2012-2013 Editorial Board
Chris Curtis is a founding member of the University of Denver Criminal Law Review, and is proud to serve as the Editor-in-Chief for its third volume. Chris grew up in the Denver area and earned a degree in philosophy at Metro State and worked for nine years at Denver’s Tattered Cover Book Store before coming to law school. Over the past three years, he has worked for the Colorado Attorney General’s Criminal and Appellate divisions, the Denver District Attorney’s Cold Case Unit, and a local criminal defense firm. During his final year of school, he is working for the Colorado DNA Justice Review Project, reviewing applications and case files of Colorado inmates seeking DNA testing and exoneration. After graduation, Chris hopes to work for a Metro Area District Attorney’s office.
Andrea is a third year student with aspirations of becoming a public defender in Colorado. In addition to her involvement with the Criminal Law Review, Andrea represents indigent clients in the University of Denver Criminal Defense Clinic and as an intern at the Arapahoe Public Defenders Office. She is the President of the Criminal Law Association and Vice President of the Student Bar Association.
Emily Ganyo hails from the beautiful Pacific Northwest and is thrilled to serve as the third Managing Editor of the Criminal Law Review. After earning a BA in Political Science and International Studies from the University of Washington, Emily hightailed it to Philadelphia where she spent three years going to graduate school and teaching math to 7th and 8th graders. When was subpoenaed to testify in trial during her first year of teaching on behalf of one of her students (the victim of a brutal assault), she knew that law school was in her future. When she’s not in the library or in court, Emily enjoys good times in the mountains, yoga, crafting, and learning how to be a military wife. Upon graduation Emily looks forward to starting her career as a prosecutor and never having to take another law school exam, ever again.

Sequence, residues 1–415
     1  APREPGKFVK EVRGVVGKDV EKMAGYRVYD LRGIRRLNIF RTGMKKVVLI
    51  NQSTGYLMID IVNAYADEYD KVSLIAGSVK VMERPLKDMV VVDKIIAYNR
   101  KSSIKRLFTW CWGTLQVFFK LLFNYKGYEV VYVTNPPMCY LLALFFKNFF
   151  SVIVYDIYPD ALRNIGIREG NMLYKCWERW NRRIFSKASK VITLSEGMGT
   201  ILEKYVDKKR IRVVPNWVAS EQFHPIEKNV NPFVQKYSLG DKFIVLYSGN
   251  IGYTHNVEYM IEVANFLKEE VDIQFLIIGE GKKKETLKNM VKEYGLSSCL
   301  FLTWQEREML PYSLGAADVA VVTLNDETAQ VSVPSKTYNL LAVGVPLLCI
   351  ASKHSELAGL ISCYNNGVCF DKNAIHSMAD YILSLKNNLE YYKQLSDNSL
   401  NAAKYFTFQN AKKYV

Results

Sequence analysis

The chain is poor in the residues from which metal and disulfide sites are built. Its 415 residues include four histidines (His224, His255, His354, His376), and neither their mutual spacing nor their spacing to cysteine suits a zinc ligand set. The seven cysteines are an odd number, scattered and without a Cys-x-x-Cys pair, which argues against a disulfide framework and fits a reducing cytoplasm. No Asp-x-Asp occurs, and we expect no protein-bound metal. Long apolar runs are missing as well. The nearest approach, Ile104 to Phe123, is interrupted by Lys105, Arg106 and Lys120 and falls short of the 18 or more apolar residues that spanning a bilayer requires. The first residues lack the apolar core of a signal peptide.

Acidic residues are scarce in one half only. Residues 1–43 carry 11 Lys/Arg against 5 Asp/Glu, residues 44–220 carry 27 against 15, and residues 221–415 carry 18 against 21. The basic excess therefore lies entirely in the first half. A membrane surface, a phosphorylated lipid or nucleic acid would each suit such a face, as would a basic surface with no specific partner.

Executive Technical Editor
Lauren earned her undergraduate degree from Saint Joseph’s University in Philadelphia. After graduation, Lauren volunteered as a legal intake intern for the American Civil Liberties Union of Philadelphia. Through this experience, Lauren discovered her passion to represent indigent individuals and led to her decision to attend law school. During law school, Lauren was a student attorney in the Civil Rights Clinic advocating against the use of long term solitary confinement and seeking adequate mental health care treatment for inmates in both the Colorado and federal prison systems. In her spare time, Lauren enjoys hiking, camping, yoga, and planning her upcoming wedding.
Aaron Thompson is the Diversity Editor of the University of Denver Criminal Law Review. Before law school, Aaron worked with at-risk youth in detention centers and in other community correction programs around the state. During law school, Aaron was selected to be one of the first two students to complete three semesters in the University of Denver Criminal Defense Clinic where he acted as first or second chair in various misdemeanor trials. In addition to extensive coursework in criminal law, Aaron has also worked on criminal matters while serving as an intern at the Colorado Court of Appeals, and as a Judicial Fellow at the Colorado Supreme Court. After graduating from law school, Aaron plans to dedicate a large portion of his practice to criminal appellate advocacy, and to cases where alleged criminal behavior serves as a pretext for employment discrimination.
Interdisciplinary Content Editor
Christina Brown is a third year law student at the University of Denver Sturm College of Law. She joined the University of Denver Criminal Law Review due largely to her passion for criminal immigration issues, particularly the impact of the criminal justice process on a person’s immigration status.
Elizabeth Salinas Van Orman